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LARS vs PPIs for Treatment of GERD?

Patients receiving laparoscopic anti-reflux surgery (LARS) for chronic gastroesophageal reflux disease (GERD) had significantly greater long-term reductions in 24-hour esophageal acid exposure than patients given esomeprazole, researchers report in the May issue of Clinical Gastroenterology and Hepatology. However, both treatments controlled symptoms in most patients, and esophageal and gastric pH were not associated with long-term outcomes.

GERD is caused by the excessive exposure of esophageal mucosa to gastric acid. In patients with reflux esophagitis, the rate of healing associates with esophageal acid exposure and reduction in gastric acidity. Intra-gastric pH monitoring has been used to compare the effects of inhibitory agents on gastric acidity.

Proton pump inhibitors (PPIs) are commonly used to treat patients with GERD. However, LARS can be used for long-term control of GERD. It is not clear whether PPIs can control intra-esophageal acid exposure over time, or produce the same level of acid reflux and symptom control as LARS.

Jan G. Hatlebakk et al performed a randomized controlled trial of the abilities of LARS vs esomeprazole (20 or 40 mg/d) to control esophageal acid exposure over a 5-year period in 267 patients with chronic GERD.

Proportion of total time with an esophageal pH less than 4.0 for each group.
Proportion of total time with an esophageal pH less than 4.0 for each group.

They found that in the LARS group (n = 116), the median 24-hour esophageal acid exposure was 8.6% at baseline and 0.7% after 6 months and 5 years (see figure). In the esomeprazole group (n = 151), the median 24-hour esophageal acid exposure was 8.8% at baseline, 2.1% after 6 months, and 1.9% after 5 years.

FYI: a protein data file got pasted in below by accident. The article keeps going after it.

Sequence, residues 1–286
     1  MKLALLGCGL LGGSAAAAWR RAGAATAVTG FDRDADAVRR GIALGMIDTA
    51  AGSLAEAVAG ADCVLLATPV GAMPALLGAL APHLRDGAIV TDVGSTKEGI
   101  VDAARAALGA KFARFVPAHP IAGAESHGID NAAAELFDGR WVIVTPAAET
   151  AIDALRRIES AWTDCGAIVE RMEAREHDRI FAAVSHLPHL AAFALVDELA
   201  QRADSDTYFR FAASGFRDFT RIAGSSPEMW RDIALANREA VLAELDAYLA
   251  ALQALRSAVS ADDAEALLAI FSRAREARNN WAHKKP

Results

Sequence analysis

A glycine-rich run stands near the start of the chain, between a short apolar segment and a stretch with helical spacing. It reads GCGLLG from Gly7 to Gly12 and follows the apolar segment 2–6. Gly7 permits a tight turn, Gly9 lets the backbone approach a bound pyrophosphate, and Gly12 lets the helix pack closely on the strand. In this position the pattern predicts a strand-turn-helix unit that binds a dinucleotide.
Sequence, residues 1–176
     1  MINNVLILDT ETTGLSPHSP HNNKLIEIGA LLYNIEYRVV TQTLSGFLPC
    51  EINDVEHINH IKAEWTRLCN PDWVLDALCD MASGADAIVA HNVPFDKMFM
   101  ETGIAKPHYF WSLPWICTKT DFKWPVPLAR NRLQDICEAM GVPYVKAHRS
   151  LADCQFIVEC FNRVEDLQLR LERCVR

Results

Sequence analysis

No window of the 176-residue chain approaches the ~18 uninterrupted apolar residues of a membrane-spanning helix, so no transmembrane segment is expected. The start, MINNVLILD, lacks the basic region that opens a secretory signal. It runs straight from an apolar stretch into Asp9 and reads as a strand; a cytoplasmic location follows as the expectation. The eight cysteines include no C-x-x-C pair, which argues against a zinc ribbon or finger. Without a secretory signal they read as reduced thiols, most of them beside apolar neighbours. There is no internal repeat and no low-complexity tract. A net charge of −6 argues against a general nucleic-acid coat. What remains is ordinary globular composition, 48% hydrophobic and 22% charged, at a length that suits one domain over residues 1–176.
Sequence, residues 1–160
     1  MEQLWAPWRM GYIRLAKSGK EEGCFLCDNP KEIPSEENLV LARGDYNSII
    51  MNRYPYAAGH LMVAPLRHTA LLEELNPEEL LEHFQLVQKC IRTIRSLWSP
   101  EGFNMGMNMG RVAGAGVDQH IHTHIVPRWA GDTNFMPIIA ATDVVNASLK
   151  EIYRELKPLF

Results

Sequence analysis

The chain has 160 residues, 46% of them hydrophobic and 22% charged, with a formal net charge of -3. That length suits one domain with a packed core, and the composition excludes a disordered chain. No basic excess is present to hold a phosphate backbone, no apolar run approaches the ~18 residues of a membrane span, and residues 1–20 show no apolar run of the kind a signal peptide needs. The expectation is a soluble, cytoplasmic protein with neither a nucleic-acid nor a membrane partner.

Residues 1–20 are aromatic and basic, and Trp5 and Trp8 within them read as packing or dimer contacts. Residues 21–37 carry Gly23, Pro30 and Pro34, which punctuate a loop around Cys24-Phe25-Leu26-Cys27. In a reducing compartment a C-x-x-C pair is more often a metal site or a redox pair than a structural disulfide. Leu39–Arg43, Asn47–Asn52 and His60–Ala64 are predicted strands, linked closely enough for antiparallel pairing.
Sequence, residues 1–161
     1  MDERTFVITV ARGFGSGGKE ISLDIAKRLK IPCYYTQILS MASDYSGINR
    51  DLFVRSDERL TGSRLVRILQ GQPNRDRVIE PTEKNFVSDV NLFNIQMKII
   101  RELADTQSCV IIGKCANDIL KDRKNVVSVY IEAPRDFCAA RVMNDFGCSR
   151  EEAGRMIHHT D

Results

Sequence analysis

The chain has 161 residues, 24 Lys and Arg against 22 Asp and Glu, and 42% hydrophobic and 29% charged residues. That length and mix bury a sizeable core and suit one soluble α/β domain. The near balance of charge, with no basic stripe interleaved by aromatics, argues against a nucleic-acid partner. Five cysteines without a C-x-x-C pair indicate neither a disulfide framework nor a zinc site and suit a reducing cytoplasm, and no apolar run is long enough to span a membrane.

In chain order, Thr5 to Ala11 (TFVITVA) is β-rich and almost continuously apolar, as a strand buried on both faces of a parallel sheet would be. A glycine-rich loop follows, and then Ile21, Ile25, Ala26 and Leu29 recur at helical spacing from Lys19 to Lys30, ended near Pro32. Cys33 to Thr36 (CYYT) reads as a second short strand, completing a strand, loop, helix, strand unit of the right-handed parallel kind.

However, esophageal and intra-gastric pH parameters, off and on therapy, did not predict the return of symptoms over the study period. In the LARS group, 8.5% of patients reported moderate-to-severe heartburn and 0.9% reported acid regurgitation of corresponding severity after 5 years. In the esomeprazole group, the corresponding numbers were 17.2% and 14.6%, respectively.

Neither intraesophageal nor intragastric pH parameters at baseline differed significantly between patients with treatment failure vs patients who remained in remission over the 5 years of follow-up evaluation.

The authors say these findings indicate that response to GERD therapy is not related directly to normalization of acid reflux parameters alone.

The greatest difference between the 2 groups was observed in esophageal acid exposure in supine patients, suggesting that a once-daily dose of esomeprazole 20 mg, despite its significantly longer duration of action than other PPIs, is inadequate to control gastric acidity overnight for some patients.

The authors conclude that long-term therapy with esomeprazole or LARS is effective in controlling esophageal acid exposure—significant reductions were observed in the proportion of time with an esophageal pH less than 4.0, as well as the number of long-lasting reflux episodes.

However, the weak associations between esophageal acid exposure and symptom control casts doubt on the relevance of intra-esophageal and intra-gastric pH parameters for predicting clinical outcomes.


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Kristine Novak

Kristine Novak

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About The Author:

Dr. Kristine Novak

Dr. Kristine Novak

Dr. Kristine Novak is a science writer and editor based in San Francisco. She has extensive experience covering gastroenterology, hepatology, immunology, oncology, clinical, and biotechnology research discoveries.

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